> rate of the ITAA survey and said the Commerce study had "serious
> analytical and methodological weaknesses that undermine the credibility
> of its conclusions that a shortage of information technology workers
> exists."
> Abraham, chairman of the Immigration subcommittee, added a provision at
> the request of Senator Jon Kyl, Republican of Arizona, that the National
> Science Foundation conduct a study of high-tech labor needs for the next
> decade. But that study would not be due to Congress for two years.
> Some academics and workers insist there is no need for either the
> legislation or new studies. They claim the situation is being
> exaggerated so companies can keep their wage costs down.
> "There is no desperate software labor shortage," said Norman S. Matloff,
> a University of California-Davis computer science professor.
> "Any company you talk to will admit that they have tons of risumis. But
> they are unwilling to hire those people. They claim they are unqualified."
> Matloff also cites Bureau of Labor statistics indicating salaries for
> computer programmers rose just 7 percent last year.
> "Just think about it, if you were an employer and were desperate to hire
> someone wouldn't you be willing to pay a premium of more than 7 percent?
> Of course you would," he said.
> Opponents also raised concerns that the bill does not do enough to
> ensure that companies won't lay off Americans to hire cheaper labor.
> But Eric Weinstein, a math professor at the Massachusetts Institute of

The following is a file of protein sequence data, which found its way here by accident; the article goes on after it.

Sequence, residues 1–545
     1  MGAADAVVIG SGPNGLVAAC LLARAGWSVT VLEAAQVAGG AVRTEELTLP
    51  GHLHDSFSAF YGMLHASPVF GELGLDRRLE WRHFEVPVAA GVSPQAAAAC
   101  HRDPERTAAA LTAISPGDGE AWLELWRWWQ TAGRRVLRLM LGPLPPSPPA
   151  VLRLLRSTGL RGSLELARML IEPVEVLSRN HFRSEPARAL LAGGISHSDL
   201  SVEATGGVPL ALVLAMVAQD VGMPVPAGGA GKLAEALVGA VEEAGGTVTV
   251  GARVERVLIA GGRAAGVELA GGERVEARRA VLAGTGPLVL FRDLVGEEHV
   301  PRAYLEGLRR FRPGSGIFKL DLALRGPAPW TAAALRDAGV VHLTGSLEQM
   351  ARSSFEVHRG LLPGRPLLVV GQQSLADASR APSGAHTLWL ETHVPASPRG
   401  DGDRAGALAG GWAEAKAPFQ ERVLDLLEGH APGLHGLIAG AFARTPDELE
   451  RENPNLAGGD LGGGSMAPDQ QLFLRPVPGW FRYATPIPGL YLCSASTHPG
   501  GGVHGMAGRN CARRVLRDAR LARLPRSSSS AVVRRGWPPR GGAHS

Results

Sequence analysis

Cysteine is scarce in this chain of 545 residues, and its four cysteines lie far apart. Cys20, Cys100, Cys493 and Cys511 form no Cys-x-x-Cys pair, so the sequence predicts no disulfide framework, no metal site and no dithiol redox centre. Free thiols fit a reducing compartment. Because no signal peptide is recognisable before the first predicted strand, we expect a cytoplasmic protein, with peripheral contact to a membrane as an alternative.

> Technology who has been researching the subject, said that is not the
> industries' intent. "The main point of this is not to replace workers
> one by one with cheaper imports; the purpose is to lower the wage level
> in the aggregate."
> "Now, there have been egregious cases of people being forced to train
> their own replacements, but for people in the know this is really more
> of a side issue," he said.
> Another concern is that the shortage of skilled workers is due to the
> American education system's inability to graduate qualified students.
> "This really is a massive indictment of our education system," Feinstein
> said in pushing to limit the visa to three years in hopes of forcing
> quicker changes in education.
> Matloff, however, insists there are plenty of qualified students.
> Although the ITAA study indicates interest in computer science is
> waning, he said those findings are based on old numbers. Just in the
> past year, he said, enrollment in computer science classes has doubled,
> according to the Computer Research Association.
> "We don't have a lack of computer science majors. At my school, at the
> University of Maryland, at Dartmouth -- we have computer science majors
> coming out of our ears. There are 50 students on my waiting list for a
> course that starts Friday."
> He said demand for the field went down with defense spending in the
> early 90's, but has gone back up in response to the job market of the
> past few years. "It's the classic case of reacting well to market
> demand."
> "These are slick lobbyists. What can I say," Matloff said.


As an economist, I refuse to believe in your altruism. There's some
double-ledger accounting going on here, but you're definitely getting
SOMETHING in return for your selflessness.
-- Rohit Khare